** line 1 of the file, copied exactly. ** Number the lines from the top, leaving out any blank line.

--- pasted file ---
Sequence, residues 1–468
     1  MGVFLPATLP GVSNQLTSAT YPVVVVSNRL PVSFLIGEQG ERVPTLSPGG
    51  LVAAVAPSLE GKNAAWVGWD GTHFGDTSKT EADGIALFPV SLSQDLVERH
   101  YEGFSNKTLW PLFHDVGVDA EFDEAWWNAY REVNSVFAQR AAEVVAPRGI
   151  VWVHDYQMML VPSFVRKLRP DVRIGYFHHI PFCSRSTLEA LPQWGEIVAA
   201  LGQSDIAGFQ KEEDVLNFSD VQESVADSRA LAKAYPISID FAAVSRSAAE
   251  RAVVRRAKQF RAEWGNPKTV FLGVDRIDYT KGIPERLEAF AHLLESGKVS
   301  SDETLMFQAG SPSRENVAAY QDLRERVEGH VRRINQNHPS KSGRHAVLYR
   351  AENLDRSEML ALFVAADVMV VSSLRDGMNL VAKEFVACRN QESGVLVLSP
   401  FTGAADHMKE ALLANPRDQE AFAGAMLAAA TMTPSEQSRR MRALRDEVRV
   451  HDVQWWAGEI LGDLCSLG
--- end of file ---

Sequence, residues 1–468